I was born into a story. When I began writing with the purpose of consequence, the first subject had to be about growing up with gangsters. As the daughter of Allen Smiley, associate and closest friend to mob boss Benjamin “Bugsy” Siegel, I was raised under the code of silence, secrecy, and terror. The order of silence went beyond discussing Dad’s business.
As an adolescent, I retreated into books and writing in a diary. His flamboyant and authoritative personality produced many friends and opportunities. In his presence, my confidence and self-esteem harnessed a dark shadow until after his death.
Dad came into the public eye the night of June 20, 1947, when Benjamin was murdered in his home in Beverly Hills. He sat inches away and took three bullets through the sleeve of his jacket. When I was exposed to the truth by way of a book, I was thirteen years old. My mother had passed on so I went to live with my father in Hollywood. What followed was a nail-biting tumultuous relationship between my father and me, a woman whose survival was wedged between shameless love and immobilizing fear of her father.
Faced with an identity meltdown ten years after Dad died I implored his friends, associates, historians, FOIPA, Immigration and Naturalization Agency, and Archives of the Department of Justice, to build the branches of my family tree. Along this irreversible journey, I endured Dad’s ghostly disapproval as I delved into the files and discovered the family secrets. I began writing my way home.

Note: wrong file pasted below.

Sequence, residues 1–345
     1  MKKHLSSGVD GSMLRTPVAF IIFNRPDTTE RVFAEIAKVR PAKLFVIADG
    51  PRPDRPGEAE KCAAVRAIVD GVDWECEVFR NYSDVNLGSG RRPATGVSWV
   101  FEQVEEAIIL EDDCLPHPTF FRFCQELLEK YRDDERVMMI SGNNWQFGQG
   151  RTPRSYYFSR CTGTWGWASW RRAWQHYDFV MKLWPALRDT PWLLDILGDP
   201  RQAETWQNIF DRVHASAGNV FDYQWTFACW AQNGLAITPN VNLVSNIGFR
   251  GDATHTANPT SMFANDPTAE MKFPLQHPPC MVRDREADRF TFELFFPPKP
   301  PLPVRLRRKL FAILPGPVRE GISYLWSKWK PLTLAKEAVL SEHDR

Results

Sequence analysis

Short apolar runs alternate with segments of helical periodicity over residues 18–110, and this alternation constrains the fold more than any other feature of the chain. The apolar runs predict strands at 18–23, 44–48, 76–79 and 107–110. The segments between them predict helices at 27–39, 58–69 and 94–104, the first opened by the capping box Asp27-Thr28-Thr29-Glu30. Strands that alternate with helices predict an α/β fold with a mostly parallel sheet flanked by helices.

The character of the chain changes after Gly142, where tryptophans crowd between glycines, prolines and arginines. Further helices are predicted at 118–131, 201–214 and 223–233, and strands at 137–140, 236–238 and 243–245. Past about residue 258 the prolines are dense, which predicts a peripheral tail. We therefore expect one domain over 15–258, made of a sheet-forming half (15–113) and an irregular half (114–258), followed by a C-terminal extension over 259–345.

Simultaneous with the reading is a dismemberment of my emotions to his criminal activities, gambling addiction, attempt at reformation, and the governments plot to denounce his reputation. The stories are dialogue driven as I bounce through three time lines; as an adolescent, the breaking of silence at forty years old, and present day at sixty-two.
As the breakthrough occurs, the reader follows the defining incidents in my life: abandoning a career, taking a writers retreat inside a shed, an unexpected inheritance, and my own newspaper column. At the end of this seventeen-year journey, I gained an identity without shame and Dad’s approval.
I’ve learned my Dad amassed a weighty criminal record, served a prison term and was under an order of deportation. After demonstrating to the Mob he wasn’t going to seek immunity offered by the government; they honored and protected his life. Their methods are described in transcripts from the FBI files; amusing, violent, and illegal.
Dad served the organization until his death. He was a devoted and protective father; while he juggled bullying from the FBI, the INS, and coercion from the Mob. Dad gave up the battle in 1982 and took his own life to avoid public defamation in front of his adult daughter.
Luellen Smiley is currently pitching Cradle of Crime to publishers. If you are interested, you can reach her via firstname.lastname@example.org
Gangsters Inc. had an exclusive interview with Luellen about her father which you can read here: My loving father was a gangster and Bugsy Siegel’s close friend
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